T2. Organization and Environment oriented programming

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14th European Agent Systems Summer School

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T2. Organization and Environment oriented programming

  1. 1. Organisation and Environment Oriented Programming Outline of the course Introduction Olivier Boissier1 , Rafael H. Bordini2 , EOP Jomi F. H¨bner3 , Alessandro Ricci4 u About Environment Oriented Programming 1 EMSE, 2 PUC-RS, A&A and CArtAgO France Brazil Olivier.Boissier@emse.fr R.Bordini@pucrs.br OOP 3 DAS-UFSC, Brazil 4 University of Bologna, Italy About Organisation Oriented Programming jomi@das.ufsc.br a.ricci@unibo.it Moise Conclusions European Agent Systems Summer School Practical Exercise: a hands-on lab session! May, 2012 — Valencia, Spain Introduction EOP OOP Conclusion Abstractions in Multi-Agent Systems schema mission role ORGAMISATION org LEVEL Introduction agent AGENT LEVEL artifact ENDOGENOUS ENVIRONMENT wsp LEVEL EXOGENOUS ENVIRONMENT 4 / 165 network node Introduction EOP OOP Conclusion Introduction EOP OOP ConclusionAbstractions in Multi-Agent Systems Agent Oriented Programming Individual Agent Level: autonomy, situatedness Cognitive Concepts: beliefs, desires, goals, intentions, plans Proposed by Shoham [Shoham, 1993] Reasoning Cycle: sense/reason/act, reactive/pro-active Use of mentalistic notions and a societal view of behaviour computation (anthropomorphism) Environment Level: resources and services that agents can Levels of abstraction: Agents – Organisations – Environment access and control; sensing and acting in an environment Programming languages for agents have developed a lot Social and Organisation Level: cooperation, coordination, since then, but still not a mature paradigm regulation patterns Programming languages/platforms for organisation and Roles: rights, responsibilities, ... environment are also being developed Organisational Rules: constraints on roles and their interactions, norms, deadlines, ... Some agent development platforms have a formal basis Organisational Structures: topology of interaction patterns Many influenced by the BDI agent architecture and relations over activity control 5 / 165 6 / 165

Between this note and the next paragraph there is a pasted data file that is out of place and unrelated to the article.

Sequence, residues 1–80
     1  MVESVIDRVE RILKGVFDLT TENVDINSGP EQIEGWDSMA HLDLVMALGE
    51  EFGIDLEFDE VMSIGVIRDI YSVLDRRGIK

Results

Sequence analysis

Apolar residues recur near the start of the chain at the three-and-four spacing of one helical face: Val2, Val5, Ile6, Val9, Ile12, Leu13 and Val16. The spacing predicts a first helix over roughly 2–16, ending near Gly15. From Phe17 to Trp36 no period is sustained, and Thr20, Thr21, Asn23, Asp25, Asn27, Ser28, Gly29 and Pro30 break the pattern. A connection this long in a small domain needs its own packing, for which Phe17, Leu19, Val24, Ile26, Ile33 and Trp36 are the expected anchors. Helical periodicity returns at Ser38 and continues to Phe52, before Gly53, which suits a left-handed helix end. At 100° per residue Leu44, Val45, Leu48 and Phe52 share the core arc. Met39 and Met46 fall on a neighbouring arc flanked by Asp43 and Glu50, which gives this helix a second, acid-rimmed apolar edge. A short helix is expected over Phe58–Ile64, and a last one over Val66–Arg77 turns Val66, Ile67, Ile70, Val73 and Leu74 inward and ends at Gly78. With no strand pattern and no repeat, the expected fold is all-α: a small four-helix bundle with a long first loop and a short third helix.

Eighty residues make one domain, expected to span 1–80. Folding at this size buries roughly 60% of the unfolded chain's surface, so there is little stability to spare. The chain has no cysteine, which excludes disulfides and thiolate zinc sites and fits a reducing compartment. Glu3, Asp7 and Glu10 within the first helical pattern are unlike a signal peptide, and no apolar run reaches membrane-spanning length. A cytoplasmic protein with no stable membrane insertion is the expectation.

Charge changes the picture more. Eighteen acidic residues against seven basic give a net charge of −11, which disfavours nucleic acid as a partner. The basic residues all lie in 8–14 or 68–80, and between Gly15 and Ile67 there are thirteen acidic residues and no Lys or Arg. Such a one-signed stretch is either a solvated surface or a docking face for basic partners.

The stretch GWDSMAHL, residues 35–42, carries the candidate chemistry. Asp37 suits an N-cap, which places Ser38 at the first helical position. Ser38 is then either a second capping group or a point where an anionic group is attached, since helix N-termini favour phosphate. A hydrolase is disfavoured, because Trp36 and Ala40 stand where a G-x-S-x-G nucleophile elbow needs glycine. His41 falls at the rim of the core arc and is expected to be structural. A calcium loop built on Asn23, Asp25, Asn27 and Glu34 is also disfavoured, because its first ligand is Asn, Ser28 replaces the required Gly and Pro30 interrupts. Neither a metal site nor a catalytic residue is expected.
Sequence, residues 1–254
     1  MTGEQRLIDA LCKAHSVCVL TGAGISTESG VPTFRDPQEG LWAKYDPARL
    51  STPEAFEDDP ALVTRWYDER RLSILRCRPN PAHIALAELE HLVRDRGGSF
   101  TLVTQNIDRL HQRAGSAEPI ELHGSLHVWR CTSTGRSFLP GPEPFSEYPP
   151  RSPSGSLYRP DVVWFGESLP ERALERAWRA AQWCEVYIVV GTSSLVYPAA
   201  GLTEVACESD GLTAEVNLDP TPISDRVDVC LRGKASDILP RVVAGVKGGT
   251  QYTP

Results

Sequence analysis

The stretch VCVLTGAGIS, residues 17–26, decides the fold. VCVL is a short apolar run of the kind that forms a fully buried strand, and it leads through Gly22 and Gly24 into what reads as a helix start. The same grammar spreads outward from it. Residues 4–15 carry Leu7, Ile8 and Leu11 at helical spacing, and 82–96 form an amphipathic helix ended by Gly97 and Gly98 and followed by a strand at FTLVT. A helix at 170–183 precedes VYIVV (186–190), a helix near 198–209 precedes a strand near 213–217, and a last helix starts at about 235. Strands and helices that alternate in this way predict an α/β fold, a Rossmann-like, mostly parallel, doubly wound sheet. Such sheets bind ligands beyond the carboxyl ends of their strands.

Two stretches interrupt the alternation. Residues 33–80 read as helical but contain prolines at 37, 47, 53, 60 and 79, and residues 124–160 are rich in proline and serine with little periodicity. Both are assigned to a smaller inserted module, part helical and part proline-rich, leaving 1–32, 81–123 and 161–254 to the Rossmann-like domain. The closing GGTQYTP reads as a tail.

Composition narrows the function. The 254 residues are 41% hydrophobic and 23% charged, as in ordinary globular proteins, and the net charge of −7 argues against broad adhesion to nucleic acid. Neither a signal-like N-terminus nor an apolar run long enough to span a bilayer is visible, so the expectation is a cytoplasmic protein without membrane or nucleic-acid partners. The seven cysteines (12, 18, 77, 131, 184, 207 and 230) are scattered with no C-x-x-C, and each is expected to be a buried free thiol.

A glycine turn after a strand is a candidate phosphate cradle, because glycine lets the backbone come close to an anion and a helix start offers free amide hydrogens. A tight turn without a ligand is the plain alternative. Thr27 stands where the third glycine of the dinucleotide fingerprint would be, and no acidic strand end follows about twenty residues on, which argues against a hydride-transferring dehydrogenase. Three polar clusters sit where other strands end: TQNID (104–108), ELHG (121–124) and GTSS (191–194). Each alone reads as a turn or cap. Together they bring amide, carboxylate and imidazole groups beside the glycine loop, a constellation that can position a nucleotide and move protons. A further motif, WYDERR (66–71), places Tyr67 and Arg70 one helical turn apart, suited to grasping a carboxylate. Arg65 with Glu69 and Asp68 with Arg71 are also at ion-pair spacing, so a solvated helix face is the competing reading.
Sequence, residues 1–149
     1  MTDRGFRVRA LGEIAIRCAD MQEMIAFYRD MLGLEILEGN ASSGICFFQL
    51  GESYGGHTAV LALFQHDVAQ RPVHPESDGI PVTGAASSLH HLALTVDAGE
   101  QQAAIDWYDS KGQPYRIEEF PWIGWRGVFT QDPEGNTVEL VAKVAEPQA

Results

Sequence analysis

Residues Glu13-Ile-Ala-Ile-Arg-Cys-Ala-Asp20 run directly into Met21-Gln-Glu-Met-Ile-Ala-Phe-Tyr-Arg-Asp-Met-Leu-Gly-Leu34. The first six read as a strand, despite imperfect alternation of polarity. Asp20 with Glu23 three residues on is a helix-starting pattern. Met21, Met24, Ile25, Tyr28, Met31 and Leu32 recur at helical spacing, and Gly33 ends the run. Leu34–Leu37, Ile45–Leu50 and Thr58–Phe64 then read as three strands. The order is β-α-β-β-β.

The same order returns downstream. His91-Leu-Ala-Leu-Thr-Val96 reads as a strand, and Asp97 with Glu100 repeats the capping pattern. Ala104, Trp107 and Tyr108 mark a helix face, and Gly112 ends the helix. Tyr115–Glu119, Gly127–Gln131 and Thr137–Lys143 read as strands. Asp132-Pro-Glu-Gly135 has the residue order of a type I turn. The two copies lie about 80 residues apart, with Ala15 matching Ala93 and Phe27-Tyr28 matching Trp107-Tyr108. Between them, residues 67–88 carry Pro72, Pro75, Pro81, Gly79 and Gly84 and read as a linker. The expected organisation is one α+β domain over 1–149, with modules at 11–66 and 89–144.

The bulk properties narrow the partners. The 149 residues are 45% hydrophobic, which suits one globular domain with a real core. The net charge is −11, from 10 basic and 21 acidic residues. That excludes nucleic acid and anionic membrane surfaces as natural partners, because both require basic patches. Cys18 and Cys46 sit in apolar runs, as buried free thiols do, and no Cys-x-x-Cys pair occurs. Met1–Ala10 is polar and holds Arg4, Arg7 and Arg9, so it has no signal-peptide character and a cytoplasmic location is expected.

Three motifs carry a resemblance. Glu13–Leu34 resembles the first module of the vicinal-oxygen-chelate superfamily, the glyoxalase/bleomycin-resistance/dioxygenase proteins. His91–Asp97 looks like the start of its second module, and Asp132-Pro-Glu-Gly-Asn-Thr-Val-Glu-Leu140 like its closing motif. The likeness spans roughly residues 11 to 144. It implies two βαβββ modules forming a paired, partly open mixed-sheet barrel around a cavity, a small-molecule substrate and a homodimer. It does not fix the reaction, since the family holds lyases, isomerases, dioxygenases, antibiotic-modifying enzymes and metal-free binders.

2. 2. Introduction EOP OOP Conclusion Introduction EOP OOP ConclusionBDI Architecture Programming Languages for Cognitive Agents Programming Languages for Multi-Agent Systems E.g., Jason, Jadex, JACK, 2APL, GOAL, Brahms, JIAC, Agent Intentional Stance (Dennett) Factory, MetateM, Golog variants, ... Practical Reasoning (Bratman) IRMA (Bratman, Isreal, Pollack) Architecture to represent an agent mental state: PRS (George↵, Lansky) Beliefs: information available to agent (e.g., about the dMARS (Kinny) environment or other agents) Goals: states of a↵airs that the agent wants to achieve BDI Logics and Agent Architecture (Rao, George↵) Events: changes in agents beliefs or goals Wooldridge, Singh, ... Capabilities: reusable modules of activities that the agent can perform Plans: reasoning about courses of action to achieve goals Rules: reasoning about beliefs 7 / 165 8 / 165 Introduction EOP OOP Conclusion Introduction EOP OOP ConclusionProgramming Languages for Cognitive Agents Programming Languages/Platforms for Organisations Concepts used to specify the state of an organisation: Some steps of a Reasoning Cycle: Agents, Roles, Groups Determining Relevant Plans for Handling Events Norms, Obligations, Prohibitions, Permissions, Violations Select a Plan for Execution Dependency, Power, Delegation, Information flow relations Execute Part of an Intended Plans Deadlines, Sanctions, Rewards Handle Plan Failures Management Infrastructure to control and coordinate agent behaviour at run-time: Agent Interpreter is an infinite loop of such reasoning cycles. Endogenous: The control is a part of the agent program The architecture and reasoning cycle together with the agent Exogenous: The control is performed by an external system program (specially plans) determine the behaviour of the agent. Monitoring Agent Behaviour Enforcing Organisational Rules Regimenting Organisational Rules 9 / 165 10 / 165 Introduction EOP OOP Conclusion Introduction EOP OOP ConclusionProgramming Languages/Platforms for Environments Hands-on Part of this Course We will use JaCaMo Artifacts to represent the state of the environment First fully operational, unified platform covering the 3 main Access to Databases/Services/etc., Coordination, Interaction levels of abstractions for multi-agent oriented programming Environment “objects”, i.e., non-proactive entities JaCaMo = Jason + CArtAgO + Moise Processing Operations on Artifacts http://jacamo.sourceforge.net Realising the e↵ects of environments actions http://jason.sourceforge.net Providing events related to sensing the environment http://cartago.sourceforge.net Synchronising agent actions http://moise.sourceforge.net At the right level of abstraction for a multi-agent system More than the sum of 3 successful platforms Revealing the full potential of Multi-Agent Oriented Programming 11 / 165 12 / 165